In the final rule, USDA is subcategorizing one of the product categories, concrete repair materials. The proposed subcategories are concrete leveling and concrete patching. USDA is also adding a new subcategory for dryer sheets to the laundry products product category that was designated previously.
Minimum Biobased Contents
The minimum biobased contents being established are based on products for which USDA has biobased content test data. USDA obtains biobased content data in conjunction with product manufacturers’ and vendors’ applications for certification to use the USDA Certified Biobased Product label. Products that are certified to display the label must undergo biobased content testing by an independent, third-party testing lab using ASTM D6866, “Standard Test Methods for Determining the Biobased Content of Solid, Liquid, and Gaseous Samples Using Radiocarbon Analysis.” USDA states that these test data are maintained in the BioPreferred Program database, and their use in setting the minimum biobased content for designated product categories “results in a more efficient process for both the Program and manufacturers and vendors of products within the product categories.”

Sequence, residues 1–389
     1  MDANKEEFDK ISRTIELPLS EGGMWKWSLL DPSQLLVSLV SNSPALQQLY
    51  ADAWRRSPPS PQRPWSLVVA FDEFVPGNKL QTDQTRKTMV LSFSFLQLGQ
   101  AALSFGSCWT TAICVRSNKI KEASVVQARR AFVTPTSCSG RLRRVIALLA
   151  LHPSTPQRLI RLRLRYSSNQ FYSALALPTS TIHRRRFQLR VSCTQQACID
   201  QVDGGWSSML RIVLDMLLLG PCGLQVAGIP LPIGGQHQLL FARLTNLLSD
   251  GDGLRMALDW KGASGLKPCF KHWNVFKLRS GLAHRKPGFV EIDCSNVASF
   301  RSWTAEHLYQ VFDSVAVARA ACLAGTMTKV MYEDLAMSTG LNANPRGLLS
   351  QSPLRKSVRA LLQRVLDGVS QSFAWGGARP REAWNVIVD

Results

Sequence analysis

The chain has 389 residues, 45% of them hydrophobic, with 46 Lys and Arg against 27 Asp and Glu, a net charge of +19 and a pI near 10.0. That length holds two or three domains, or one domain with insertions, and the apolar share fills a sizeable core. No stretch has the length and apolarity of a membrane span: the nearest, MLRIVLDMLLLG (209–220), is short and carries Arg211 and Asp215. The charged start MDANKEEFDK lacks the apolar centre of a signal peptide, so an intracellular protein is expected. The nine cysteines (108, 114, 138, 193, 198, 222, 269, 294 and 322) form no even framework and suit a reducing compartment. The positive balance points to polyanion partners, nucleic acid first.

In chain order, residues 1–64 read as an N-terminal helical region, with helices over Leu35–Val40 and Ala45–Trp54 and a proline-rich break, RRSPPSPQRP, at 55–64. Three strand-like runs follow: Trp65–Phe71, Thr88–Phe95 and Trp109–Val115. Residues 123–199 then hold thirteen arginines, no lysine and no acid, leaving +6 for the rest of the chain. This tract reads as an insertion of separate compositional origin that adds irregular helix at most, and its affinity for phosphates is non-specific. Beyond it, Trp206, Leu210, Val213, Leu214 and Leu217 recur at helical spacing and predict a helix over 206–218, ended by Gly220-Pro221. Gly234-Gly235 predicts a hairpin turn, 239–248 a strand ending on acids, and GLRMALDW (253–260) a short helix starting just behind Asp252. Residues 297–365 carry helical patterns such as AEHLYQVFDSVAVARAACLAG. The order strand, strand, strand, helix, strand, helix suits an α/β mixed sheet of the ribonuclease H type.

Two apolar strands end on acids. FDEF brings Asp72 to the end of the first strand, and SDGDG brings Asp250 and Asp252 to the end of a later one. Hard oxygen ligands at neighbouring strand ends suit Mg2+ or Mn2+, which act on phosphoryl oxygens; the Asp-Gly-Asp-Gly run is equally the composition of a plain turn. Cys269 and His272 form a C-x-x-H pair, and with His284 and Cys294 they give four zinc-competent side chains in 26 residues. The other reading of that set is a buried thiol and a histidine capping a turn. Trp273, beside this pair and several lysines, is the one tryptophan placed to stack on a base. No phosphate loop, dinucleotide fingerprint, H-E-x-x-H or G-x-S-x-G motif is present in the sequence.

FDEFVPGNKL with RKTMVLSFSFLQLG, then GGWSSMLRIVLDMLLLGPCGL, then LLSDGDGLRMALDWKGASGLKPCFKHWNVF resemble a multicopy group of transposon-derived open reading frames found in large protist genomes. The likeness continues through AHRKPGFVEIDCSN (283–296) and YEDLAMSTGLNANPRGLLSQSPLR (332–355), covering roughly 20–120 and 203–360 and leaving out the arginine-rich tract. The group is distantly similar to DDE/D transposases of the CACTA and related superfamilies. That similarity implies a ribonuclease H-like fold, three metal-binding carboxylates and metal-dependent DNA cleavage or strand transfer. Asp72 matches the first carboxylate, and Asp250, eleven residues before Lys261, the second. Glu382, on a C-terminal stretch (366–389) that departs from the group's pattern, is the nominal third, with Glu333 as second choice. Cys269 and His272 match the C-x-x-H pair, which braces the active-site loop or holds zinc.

Overlap with EPA’s CPG Program for Recovered Content Products under RCRA Section 6002
Some of the products that are categorized in biobased product categories that are designated for federal preferred procurement under the BioPreferred Program may overlap with product categories that the U.S. Environmental Protection Agency (EPA) has designated under its Comprehensive Procurement Guideline (CPG) for products containing recovered (or recycled) materials. A list of EPA’s CPG Program product categories is available on its website and in 40 C.F.R. Part 247. In the final rule, some products that are categorized in the product categories of concrete curing agents; concrete repair materials — concrete leveling; concrete repair materials — concrete patching; exterior paints and coatings; folders and filing products; other lubricants; playground and athletic surface materials; product packaging; rugs or floor mats; shopping and trash bags; soil amendments; and transmission fluids may also be categorized in one or more of the following product categories that are designated in EPA’s CPG Program: